The summer travel season is approaching, and in a typical year, many states would expect the arrival of tourists from all across Europe, from the United Kingdom to Sweden. Unfortunately, due to the COVID-19 pandemic, residents of the UK, Ireland, and European Schengen area have been barred entry into the country. States will need to account for billions of dollars in economic losses as a result.
It's worth noting that the European travel ban is not specifically correlated with the COVID-19 incidence rate. The U.S. is banning 31 European countries that have a low or extremely low incidence rate. However, it allows entry from at least 27 countries with equal or higher incidence rates than the highest incidence rate registered in one of the 31 European countries. In addition, some countries whose residents are allowed to enter the U.S. are in the midst of a new wave of the pandemic, such as Argentina and the U.A.E.
While the U.S. will be hurt economically by the lack of European tourists, not all states will be impacted equally. In order to determine the states hurting the most from the European travel ban, WalletHub calculated the potential monetary losses based on the number of inbound tourists to each state alongside their total spending, and compared the result to each state’s gross domestic product (GDP).
States Hurting the Most from the European Travel Ban
|Overall Rank||State||Impact Score||% of GDP|
|2||District of Columbia||66.99||6.40%|
Note: Rank of 1 reflects the highest economic impact of travel bans on the U.S. state.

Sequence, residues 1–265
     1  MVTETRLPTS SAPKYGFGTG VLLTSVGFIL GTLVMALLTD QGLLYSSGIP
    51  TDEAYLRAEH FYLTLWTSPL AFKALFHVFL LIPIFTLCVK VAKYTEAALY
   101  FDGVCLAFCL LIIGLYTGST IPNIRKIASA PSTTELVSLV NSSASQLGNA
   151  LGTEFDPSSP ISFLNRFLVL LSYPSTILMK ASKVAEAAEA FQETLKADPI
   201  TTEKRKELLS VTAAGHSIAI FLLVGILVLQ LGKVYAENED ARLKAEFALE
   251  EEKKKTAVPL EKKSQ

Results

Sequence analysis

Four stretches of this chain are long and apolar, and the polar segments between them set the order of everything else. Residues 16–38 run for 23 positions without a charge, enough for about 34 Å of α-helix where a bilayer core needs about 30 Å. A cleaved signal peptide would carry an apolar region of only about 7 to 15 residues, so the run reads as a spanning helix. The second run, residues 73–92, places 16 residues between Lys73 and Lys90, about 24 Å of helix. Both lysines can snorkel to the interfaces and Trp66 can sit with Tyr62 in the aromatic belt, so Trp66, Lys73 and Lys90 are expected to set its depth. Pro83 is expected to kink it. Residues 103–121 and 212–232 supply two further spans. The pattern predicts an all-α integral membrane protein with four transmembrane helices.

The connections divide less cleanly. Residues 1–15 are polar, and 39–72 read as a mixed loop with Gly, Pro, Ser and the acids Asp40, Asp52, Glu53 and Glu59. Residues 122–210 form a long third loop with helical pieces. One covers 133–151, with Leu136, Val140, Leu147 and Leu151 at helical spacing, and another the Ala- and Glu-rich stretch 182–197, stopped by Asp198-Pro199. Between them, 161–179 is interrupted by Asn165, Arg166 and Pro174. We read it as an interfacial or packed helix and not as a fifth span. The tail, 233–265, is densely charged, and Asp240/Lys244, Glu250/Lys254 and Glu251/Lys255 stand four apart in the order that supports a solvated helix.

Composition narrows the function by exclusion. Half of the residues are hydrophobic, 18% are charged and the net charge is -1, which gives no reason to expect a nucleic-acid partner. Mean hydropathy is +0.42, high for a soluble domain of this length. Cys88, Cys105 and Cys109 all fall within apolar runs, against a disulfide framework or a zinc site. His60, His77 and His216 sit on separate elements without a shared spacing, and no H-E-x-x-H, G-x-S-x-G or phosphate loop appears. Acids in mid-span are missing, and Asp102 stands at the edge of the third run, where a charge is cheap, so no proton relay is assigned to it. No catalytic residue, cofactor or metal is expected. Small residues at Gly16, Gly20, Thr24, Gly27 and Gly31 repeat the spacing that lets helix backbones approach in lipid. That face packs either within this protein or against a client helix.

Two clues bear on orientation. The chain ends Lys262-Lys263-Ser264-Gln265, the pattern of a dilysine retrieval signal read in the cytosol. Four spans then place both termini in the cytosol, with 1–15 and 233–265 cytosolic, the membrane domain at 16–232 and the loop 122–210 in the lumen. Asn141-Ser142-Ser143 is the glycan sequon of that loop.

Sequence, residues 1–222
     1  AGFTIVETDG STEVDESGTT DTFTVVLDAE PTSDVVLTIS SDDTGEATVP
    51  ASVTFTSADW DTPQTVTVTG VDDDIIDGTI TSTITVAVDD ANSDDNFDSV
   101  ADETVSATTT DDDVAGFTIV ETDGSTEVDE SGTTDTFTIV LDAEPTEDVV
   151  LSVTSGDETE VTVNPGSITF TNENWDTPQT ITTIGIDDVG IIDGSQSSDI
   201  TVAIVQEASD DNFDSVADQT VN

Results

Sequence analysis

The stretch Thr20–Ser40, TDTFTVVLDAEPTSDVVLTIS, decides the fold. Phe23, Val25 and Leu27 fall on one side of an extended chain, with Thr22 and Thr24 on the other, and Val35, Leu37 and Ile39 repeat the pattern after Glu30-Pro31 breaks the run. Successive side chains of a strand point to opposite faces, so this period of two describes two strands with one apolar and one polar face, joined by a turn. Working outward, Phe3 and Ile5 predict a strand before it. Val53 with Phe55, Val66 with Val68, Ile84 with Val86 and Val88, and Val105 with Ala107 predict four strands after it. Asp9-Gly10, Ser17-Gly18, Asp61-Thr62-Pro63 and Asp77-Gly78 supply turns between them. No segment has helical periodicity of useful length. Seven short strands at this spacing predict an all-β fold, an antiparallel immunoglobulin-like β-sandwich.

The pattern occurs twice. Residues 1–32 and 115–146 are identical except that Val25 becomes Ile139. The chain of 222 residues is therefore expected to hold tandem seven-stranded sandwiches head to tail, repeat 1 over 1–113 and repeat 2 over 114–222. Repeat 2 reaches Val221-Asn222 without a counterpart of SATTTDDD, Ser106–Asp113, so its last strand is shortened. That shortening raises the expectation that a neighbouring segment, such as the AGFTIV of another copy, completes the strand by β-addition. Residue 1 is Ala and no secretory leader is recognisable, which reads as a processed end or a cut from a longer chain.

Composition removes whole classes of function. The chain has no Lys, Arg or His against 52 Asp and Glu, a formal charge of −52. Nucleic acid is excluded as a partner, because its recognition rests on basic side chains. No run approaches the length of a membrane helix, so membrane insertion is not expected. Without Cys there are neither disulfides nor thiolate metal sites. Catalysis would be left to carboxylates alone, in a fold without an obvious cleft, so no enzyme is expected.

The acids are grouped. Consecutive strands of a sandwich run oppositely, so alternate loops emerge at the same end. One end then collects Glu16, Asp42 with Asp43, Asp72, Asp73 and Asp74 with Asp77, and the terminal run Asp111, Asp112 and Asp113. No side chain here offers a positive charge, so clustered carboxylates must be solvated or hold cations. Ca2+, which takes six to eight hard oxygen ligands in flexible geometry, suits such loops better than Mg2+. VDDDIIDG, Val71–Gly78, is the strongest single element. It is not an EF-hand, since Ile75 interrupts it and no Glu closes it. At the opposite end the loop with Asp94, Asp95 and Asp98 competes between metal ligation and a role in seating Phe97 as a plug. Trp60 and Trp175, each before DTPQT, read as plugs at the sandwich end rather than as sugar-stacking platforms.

The following states are not ranked because of their marginal impact from the European countries: Alabama, Alaska, Arkansas, Delaware, Idaho, Indiana, Iowa, Kansas, Kentucky, Maine, Mississippi, Missouri, Montana, Nebraska, New Hampshire, New Mexico, North Dakota, Oklahoma, Rhode Island, South Dakota, Vermont, West Virginia and Wyoming. However, they may be impacted by the travel ban on other countries including China, India and South Africa.
European Countries vs. 27 Allowed Countries vs. Allowed Country with Highest COVID Rate (Seychelles)
Ask the Experts
To get more insight into the effectiveness of travel bansand the reasons for instituting them, WalletHub turned to a panel of experts. You can click on the photos of the experts below to read their bios and see their responses to the following key questions:
- Do travel bans at a country level make sense? Why or why not?
- Why are the country travel bans not based on current COVID-19 rates?
- Which would be more effective: travel bans or more robust COVID-19 testing?
Ask the Experts
In order to assess the economic impact of travel bans on each U.S. state, WalletHub calculated the potential monetary losses based on the number of inbound tourists to each state alongside their total spending, and compared the result to each state’s gross domestic product (GDP).
For our calculations, we have taken into account European countries whose residents were restricted entry into to the United States amid the COVID-19 pandemic: Austria, Belgium, Czech Republic, Denmark, Finland, France, Germany, Greece, Iceland, Italy, Netherlands, Norway, Poland, Portugal, Republic of Ireland, Spain, Sweden, Switzerland and the United Kingdom. Due to data limitations, not all European countries were included in our analysis.
The 27 countries to which we compared the European countries in our graphic are the countries with the highest COVID-19 incidence rates whose residents are allowed entry into the United States. Those countries are: Seychelles, Uruguay, Bahrain, Maldives, Argentina, Colombia, Suriname, Mongolia, Paraguay, Chile, Kuwait, Namibia, Costa Rica, Oman, Bolivia, Trinidad and Tobago, U.A.E., Botswana, Georgia, Malaysia, Panama, Tunisia, Guyana, Cape Verde, Sri Lanka, Iraq and Cuba.
Sources: Data used to create this ranking were collected from the U.S. Department of Commerce, the Bureau of Economic Analysis and The New York Times.